Our recent article on a 3D printed underwater scooter ended with a prediction that we’ll be seeing a 3D printed submarine soon. While we’re still not quite there, a significant step in that direction was achieved over the summer when thyssenkrupp Marine Systems’ 3D printed components for submarines received safety and quality approvals for serial production.
This makes the thyssenkrupp TechCenter Additive Manufacturing the first 3D printing manufacturing center in the world to receive manufacturer approval from DNV GL, the global society that provides accreditation and certification processes to several industries, including maritime, renewable energy, healthcare, and others. Manufacturing certifications ensure processes and end parts meet current industry standards for safety, functionality, repeatability, and spare part replacement protocols.
To demonstrate how AM could benefit the submarine sector, engineers chose to re-engineer a valve block optimized for 3D printing. It’s common to re-engineer old parts when moving their manufacturing to AM because more ideal geometries are available with 3D printing; for a refresher on this concept, check out our article on DFAM (designing for additive manufacturing). The project goals included reducing weight, improving flow behavior to reduce noise, low material permeability, and better media management. By using generative design and flow simulations, the ideal pipe runs could be mapped out and tested in the design phase. That translates to lots of time and money saved during the prototyping phase.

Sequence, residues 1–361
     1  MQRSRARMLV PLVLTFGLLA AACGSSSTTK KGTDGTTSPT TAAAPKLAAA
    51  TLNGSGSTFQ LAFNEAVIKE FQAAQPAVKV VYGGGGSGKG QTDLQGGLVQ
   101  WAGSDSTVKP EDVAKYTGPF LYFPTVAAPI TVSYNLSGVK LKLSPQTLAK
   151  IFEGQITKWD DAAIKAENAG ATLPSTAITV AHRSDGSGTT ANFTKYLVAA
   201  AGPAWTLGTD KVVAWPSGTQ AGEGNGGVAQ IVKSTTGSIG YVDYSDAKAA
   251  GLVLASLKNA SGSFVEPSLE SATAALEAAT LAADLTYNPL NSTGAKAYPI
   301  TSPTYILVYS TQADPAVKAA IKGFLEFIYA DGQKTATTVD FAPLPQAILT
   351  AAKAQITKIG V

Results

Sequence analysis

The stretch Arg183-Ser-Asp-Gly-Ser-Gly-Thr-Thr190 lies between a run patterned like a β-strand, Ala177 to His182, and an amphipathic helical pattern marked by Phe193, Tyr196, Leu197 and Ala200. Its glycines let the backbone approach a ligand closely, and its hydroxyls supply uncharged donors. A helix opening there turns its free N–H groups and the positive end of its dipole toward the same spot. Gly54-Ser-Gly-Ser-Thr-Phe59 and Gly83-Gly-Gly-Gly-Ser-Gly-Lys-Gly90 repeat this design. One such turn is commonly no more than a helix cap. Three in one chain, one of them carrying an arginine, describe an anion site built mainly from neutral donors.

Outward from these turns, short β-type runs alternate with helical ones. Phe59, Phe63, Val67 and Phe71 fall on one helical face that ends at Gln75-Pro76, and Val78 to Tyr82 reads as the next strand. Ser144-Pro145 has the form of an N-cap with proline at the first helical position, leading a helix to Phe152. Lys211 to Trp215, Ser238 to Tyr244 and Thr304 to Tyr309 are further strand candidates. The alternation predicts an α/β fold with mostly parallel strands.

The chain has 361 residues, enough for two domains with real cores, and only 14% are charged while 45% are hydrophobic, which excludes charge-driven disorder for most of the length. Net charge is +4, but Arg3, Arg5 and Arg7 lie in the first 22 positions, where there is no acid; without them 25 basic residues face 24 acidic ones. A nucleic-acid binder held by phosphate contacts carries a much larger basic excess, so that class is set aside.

3D printing opens up completely new potentials for us. In the design engineering, we no longer have to consider the limits of conventional manufacturing processes everywhere. In this way, we give our customers more freedom in the design of the boats. At the same time, we can produce components faster and more cost-effectively. Bringing the necessary expertise and equipment to serve us in Kiel is the prerequisite for being able to make smaller batches quickly and easily in series in the future. Dr. Luis Alejandro Orellano, COO of thyssenkrupp Marine Systems
The printed valve block reduced the number of parts in the assembly while achieving a weight reduction of 83% from 13.3kg to 1.1kg as well as a space reduction of approximately 20%; weight reduction of components means that the load of the sub can be increased. Additionally, permeability was reduced by using a 1.3964 chromium-nickel alloy. The component was also produced with a lead time of only one year, which is substantially shorter than the industry standard of five to seven years. The plan is to focus first on manufacturing small batches for submarines but they’ll also be looking to produce spare parts in the same manner.
Featured image courtesy of TKMS